Sometimes, the best thing you can do in productivity terms is NOT to do something. I’ve talked for years about having not-to-do lists, which can prove as important as your to-do lists. A Not-To-Do list is precisely what it sounds like: a list of items you refuse to do—because they either waste your time, or the drawbacks outweigh the benefits.
You probably have a Not-To-Do list, even if you don’t bother to write it down. For example, you might have long since decided not to take a certain route to work, because you arrive late when you do. Maybe you’ve decided never to accept phone calls or email from people you don’t already know, or to avoid personal communications at work. You may have decided to never eat at your desk, so you can get a little bit of refreshment before heading back to work.
Those represent minor examples; more profound ones include refusing work you don’t have time for, returning tasks to the people to whom they truly belong, or refusing to engage in office politics.
A Not-To-Do list applies to team productivity as well, though the team version typically includes extra items that need not appear on a personal list. Most teams have never even considered the concept or don’t want to invest the time. However, a simple lack of clarity can result in terrible productivity failures. Spend the time necessary to meet and work out your Not-To-Do list, because it’s more than worth the time and effort.
So what do you include? Anything you think slows you down as a team. A decision not to meet unless necessary would be a good start. Another might be to refuse to work at cross-purposes. That doesn’t mean you can’t disagree, even strongly—just that once you’ve collectively made a decision, everyone gets on board. Other list additions might include not to gossip, to avoid company politics, and never to make decisions unilaterally except in the case of the team lead. If you decide unilaterally to start publishing a certain report on Wednesday, because that makes the most sense to you, you may damage the workflow process of someone who needs it on Tuesdays.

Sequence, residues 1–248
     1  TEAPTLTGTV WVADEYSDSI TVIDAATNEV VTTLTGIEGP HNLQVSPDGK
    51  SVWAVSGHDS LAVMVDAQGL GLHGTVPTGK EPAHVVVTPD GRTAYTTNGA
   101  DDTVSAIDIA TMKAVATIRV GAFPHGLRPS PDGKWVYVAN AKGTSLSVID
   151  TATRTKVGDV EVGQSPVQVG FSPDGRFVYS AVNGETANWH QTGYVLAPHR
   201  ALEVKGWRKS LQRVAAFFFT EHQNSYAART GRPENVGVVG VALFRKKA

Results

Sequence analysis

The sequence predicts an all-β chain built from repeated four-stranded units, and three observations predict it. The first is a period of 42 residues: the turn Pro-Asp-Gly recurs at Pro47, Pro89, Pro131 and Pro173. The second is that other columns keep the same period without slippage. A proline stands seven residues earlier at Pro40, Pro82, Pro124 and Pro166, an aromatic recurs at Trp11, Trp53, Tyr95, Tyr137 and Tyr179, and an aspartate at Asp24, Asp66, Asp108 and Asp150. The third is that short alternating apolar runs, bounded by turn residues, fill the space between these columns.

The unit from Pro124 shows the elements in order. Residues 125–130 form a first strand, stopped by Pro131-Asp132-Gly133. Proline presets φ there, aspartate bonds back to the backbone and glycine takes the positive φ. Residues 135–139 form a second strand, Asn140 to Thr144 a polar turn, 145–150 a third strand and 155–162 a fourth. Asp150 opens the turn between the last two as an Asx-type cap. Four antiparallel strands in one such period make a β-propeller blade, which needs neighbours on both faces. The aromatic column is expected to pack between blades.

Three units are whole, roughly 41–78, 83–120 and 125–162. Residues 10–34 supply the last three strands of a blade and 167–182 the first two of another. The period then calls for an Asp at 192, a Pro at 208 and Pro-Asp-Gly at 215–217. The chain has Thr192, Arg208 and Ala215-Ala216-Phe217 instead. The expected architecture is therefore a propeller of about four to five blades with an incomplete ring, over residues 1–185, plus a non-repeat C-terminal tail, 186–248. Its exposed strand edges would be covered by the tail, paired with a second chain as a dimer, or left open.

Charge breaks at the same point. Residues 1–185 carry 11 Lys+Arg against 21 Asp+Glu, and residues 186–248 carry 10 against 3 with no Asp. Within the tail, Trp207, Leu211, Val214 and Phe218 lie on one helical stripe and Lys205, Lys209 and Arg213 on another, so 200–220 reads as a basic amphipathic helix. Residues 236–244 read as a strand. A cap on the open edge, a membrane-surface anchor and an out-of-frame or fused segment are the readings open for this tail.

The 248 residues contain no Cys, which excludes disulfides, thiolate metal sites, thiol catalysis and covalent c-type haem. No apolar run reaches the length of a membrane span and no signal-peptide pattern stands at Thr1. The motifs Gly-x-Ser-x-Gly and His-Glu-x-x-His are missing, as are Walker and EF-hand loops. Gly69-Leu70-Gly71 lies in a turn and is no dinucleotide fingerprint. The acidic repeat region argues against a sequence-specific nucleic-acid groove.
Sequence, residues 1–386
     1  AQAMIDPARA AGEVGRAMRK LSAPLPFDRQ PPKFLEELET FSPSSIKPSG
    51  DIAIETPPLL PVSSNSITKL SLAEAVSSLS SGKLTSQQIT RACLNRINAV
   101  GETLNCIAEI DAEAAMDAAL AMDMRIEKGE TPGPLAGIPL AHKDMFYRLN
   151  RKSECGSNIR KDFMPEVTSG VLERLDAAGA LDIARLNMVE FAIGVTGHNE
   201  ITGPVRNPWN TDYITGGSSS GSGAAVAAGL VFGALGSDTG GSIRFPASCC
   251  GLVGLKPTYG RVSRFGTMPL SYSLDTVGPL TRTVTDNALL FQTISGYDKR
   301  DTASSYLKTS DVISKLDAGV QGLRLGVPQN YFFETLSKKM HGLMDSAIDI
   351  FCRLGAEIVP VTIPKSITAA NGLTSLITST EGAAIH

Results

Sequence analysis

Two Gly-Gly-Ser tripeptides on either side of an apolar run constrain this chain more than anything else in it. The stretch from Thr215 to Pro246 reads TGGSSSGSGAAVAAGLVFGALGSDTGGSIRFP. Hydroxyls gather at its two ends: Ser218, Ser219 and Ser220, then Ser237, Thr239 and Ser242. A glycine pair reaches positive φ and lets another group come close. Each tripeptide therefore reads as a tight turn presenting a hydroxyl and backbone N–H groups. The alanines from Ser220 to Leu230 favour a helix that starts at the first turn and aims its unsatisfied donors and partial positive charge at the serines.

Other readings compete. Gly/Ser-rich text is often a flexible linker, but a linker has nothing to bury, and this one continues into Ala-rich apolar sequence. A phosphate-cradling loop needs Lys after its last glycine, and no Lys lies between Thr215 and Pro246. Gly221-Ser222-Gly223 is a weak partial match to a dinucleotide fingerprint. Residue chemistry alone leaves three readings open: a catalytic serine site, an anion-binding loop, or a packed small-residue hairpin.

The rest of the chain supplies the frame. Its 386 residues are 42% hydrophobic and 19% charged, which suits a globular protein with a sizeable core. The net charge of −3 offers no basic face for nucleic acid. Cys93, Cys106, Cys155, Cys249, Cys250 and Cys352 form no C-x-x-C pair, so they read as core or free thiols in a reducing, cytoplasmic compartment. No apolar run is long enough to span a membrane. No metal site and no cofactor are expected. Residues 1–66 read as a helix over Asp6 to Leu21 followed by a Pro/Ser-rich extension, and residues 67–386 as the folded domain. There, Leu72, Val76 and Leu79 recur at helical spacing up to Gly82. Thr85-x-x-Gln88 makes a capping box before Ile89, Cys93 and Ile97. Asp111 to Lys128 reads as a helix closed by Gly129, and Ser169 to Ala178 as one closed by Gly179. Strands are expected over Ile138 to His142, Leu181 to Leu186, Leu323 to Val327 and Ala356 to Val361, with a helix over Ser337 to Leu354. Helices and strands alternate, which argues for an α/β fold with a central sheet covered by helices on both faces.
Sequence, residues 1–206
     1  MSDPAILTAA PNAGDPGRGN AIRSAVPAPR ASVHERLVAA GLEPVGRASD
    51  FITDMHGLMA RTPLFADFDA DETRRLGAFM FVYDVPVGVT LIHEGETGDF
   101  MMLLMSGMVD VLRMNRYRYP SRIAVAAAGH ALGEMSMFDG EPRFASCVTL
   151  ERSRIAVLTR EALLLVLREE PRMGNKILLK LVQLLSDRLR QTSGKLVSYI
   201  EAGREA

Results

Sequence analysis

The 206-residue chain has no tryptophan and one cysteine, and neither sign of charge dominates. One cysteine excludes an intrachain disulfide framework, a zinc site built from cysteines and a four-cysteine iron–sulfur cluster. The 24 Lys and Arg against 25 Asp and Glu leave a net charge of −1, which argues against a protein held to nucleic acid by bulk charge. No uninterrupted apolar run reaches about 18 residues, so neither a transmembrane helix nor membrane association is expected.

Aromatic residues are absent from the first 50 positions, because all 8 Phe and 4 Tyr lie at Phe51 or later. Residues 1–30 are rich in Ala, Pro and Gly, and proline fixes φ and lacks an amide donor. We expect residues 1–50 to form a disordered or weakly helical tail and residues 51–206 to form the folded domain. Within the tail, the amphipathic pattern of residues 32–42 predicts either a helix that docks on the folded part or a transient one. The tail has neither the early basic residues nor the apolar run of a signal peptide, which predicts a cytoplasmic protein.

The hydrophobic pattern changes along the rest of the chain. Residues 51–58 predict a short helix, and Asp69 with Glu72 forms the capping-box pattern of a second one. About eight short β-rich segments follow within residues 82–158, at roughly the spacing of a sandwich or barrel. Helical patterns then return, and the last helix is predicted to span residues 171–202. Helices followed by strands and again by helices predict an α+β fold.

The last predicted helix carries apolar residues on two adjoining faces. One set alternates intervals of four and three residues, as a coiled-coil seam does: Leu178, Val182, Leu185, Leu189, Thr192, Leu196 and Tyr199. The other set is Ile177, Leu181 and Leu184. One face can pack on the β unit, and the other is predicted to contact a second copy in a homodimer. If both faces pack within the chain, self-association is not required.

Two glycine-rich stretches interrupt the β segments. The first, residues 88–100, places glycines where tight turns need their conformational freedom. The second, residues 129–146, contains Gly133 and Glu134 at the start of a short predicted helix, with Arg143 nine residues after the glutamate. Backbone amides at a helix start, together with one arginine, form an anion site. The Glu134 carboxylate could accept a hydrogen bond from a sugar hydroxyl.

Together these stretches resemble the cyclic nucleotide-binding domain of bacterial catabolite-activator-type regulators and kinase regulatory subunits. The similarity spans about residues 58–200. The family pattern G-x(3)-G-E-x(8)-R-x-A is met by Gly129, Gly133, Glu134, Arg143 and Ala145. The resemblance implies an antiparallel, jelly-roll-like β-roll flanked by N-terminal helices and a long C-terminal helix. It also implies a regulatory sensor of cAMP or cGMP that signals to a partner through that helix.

Other items you may consider:
- No negativity.
- No griping.
- No talking loudly outside others’ offices.
- No undermining authority or teammates.
- No goldbricking (doing less work on purpose than you could).
- No data or resource hoarding.
- No bickering with other teams.
- No taking conference calls on your speaker phone.
What you decide to include on the Not-To-Do list is up to you and your teammates, as long as the majority agree it damages productivity. Just get together, talk it out, and make sure you’re all on the same page—so you can achieve maximum results as a team in the minimum time possible.
© 2015 Laura Stack. Laura Stack, a.k.a. The Productivity Pro®, helps professionals achieve Maximum Results in Minimum Time®. For over 20 years, her keynote speeches and workshops have helped leaders boost personal and team productivity, increase results, and save time at work. Laura is the author six books, most recently Execution IS the Strategy. Widely regarded as one of the leading experts in the field of performance and workplace issues, Laura has been featured in the Wall Street Journal, the New York Times, and USA Today. Connect via her website, Facebook, or Twitter.